February 15, 2016 weblog
Self-parking chairs at conference tables show Nissan's auto push
An amusing video has surfaced about an intelligent parking chair inspired by Nissan; the video shows the chairs swinging into action, self-guiding to finally park at a table in response to a person's claps.
They can also reverse and turn. T3 called them "robo thrones." Its story said, "Japanese car manufacturer Nissan continues its foray into the world of robotics with a series of experimental motorized chairs." Nissan, it said, pulled this off, in step with Okamura; the latter is a furniture maker with a portfolio that includes business-ready furniture for offices and conference rooms.
Nissan sent out a news release on its self-moving chairs on Monday. The company stated, "The 'Intelligent Parking Chair' is a unique chair that automatically moves to a set position. The chair includes a roller to automatically move 360 degrees paired with a system that indicates the target position. Four cameras placed on the room's ceiling generate a bird's-eye view to wirelessly transmit the chair's position and its route to destination."
Nissan, said T3, took an Okamura chair and fitted motors to drive the wheels at its base. "The chairs themselves are controlled over Wi-Fi via a series of four motion-sensitive cameras positioned around a room, which direct the chairs to neatly fill gaps on a given table."
But wait a minute. Nissan's announcement referred to a lift from the" troublesome task" of arranging chairs. How lazy are we? Or would self-parking chairs be a genuine boost to efficiency considering manual labor deployed to set up conference rooms? Would it shave labor off assistants having to position numerous tables and chairs according to meeting mode and head count?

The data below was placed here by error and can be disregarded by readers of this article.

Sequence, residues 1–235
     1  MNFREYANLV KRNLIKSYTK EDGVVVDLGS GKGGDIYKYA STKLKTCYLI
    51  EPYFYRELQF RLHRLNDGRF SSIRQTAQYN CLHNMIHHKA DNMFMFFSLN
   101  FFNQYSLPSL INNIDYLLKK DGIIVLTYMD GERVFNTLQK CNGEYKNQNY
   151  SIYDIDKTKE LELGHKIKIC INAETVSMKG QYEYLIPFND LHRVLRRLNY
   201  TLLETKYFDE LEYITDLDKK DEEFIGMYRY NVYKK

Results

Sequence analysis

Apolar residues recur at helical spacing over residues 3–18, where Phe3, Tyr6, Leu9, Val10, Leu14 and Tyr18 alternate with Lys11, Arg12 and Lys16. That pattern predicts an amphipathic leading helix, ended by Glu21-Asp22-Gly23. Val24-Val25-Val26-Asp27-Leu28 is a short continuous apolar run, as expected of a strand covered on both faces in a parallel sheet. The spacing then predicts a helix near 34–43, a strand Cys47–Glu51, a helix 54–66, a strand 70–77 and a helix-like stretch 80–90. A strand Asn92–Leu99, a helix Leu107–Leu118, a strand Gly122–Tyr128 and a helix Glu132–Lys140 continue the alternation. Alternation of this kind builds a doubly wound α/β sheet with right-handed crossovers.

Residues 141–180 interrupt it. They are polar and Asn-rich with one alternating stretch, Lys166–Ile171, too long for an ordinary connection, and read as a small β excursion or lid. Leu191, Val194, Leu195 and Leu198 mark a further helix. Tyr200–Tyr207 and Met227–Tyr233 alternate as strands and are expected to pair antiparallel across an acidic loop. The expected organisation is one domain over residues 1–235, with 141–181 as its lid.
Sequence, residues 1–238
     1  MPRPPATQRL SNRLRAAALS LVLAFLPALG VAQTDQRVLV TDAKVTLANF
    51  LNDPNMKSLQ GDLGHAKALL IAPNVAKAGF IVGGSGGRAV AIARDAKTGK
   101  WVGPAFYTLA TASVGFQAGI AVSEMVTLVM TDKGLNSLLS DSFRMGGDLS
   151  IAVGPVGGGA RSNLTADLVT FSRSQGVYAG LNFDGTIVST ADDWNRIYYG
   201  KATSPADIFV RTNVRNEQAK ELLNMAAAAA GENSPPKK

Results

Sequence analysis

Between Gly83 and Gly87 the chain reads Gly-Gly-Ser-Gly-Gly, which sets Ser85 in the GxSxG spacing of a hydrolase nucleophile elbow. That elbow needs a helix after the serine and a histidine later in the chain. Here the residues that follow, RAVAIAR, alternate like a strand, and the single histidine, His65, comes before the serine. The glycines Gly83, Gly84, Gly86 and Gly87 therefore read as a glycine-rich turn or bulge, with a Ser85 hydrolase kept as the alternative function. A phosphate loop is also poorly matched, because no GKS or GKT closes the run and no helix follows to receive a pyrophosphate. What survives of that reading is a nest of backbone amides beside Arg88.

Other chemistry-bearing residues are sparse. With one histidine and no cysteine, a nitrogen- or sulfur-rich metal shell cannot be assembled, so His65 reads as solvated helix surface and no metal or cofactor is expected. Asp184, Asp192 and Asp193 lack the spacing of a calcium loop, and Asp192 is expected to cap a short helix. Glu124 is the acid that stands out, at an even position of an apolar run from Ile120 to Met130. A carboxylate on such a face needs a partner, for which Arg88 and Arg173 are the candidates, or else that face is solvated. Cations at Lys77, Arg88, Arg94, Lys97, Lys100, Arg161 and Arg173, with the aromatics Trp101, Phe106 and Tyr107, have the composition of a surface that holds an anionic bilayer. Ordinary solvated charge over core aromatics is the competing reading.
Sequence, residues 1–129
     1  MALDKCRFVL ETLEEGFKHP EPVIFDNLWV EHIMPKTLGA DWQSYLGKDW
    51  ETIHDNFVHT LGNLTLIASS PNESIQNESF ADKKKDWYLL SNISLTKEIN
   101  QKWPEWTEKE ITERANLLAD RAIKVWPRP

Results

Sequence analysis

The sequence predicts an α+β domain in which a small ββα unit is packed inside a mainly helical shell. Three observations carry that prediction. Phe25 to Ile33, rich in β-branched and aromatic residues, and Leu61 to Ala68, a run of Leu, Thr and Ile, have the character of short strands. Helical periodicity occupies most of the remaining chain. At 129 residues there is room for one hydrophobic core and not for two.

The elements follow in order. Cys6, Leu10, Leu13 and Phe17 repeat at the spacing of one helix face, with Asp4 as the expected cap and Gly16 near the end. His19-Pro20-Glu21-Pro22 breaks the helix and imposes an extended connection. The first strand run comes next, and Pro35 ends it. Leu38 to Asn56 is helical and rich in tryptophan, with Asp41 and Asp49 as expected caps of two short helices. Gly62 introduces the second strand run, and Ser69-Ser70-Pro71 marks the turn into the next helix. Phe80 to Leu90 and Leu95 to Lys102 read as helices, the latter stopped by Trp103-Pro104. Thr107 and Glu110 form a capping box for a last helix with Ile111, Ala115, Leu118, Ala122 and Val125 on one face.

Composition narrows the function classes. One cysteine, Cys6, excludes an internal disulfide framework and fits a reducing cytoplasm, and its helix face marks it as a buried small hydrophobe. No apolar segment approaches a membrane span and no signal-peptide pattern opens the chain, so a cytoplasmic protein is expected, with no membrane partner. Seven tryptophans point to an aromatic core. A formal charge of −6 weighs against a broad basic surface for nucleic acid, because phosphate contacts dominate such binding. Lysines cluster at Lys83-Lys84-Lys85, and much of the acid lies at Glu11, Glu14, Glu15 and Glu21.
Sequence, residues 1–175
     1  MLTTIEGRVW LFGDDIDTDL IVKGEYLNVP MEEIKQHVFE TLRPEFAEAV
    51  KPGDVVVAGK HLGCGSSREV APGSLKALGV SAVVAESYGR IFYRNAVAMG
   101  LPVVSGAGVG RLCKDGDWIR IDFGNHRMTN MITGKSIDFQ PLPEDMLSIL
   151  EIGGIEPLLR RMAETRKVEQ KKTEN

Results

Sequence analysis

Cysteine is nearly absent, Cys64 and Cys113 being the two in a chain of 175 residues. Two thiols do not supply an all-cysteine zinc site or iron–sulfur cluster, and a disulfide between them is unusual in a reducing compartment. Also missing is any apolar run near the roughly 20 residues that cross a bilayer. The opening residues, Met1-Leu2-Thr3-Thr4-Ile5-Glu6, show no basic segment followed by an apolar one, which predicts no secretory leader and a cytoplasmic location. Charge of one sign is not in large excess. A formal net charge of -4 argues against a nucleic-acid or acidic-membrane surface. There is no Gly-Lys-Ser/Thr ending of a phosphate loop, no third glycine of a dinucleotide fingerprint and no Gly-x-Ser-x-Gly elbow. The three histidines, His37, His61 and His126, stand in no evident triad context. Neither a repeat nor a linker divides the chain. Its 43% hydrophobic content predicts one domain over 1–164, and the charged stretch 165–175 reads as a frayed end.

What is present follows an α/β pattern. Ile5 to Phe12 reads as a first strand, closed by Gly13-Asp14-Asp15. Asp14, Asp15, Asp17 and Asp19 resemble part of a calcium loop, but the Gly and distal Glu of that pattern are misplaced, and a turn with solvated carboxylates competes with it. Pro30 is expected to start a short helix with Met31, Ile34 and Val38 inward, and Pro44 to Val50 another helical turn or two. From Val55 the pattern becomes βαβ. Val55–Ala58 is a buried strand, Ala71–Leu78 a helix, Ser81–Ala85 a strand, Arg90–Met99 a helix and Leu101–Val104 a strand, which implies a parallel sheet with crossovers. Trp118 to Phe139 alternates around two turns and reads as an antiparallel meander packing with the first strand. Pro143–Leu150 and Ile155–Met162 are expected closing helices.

Do not feel guilty if you think this is just a publicity stunt to show off Nissan's expert handling of driver-assist technology. The tech was used as publicity to promote Nissan's new intelligent parking assist technology; the message being, if the technology can park a chair properly, then it can help you park a car just as easily, noted T3.
Nissan's announcement confirmed the reason behind the video. "The Intelligent Parking Chair is a promotional project that materializes Nissan's corporate vision of 'enriching people's lives through technology.' It was produced in collaboration with the award-winning creative team BIRDMAN. This concept aims at increasing knowledge around the latest technology adopted by Nissan vehicles, while showing how this is slowly changing our daily lives."
Last month, Fortune reported on a test drive with the autonomous all-electric LEAF, made by Nissan. "Using a combination of 12 cameras, four side-panel laser scanners, a trunk full of computing power and access to detailed mapping data, the self-piloted car can mostly drive itself."
Nissan is moving with considerable focus on getting this right.
Fortune said Nissan brought its self-driving car to Silicon Valley to start testing on U.S. roads; its Silicon Valley Research center "is critical for Nissan's research into artificial intelligence and connected cars."
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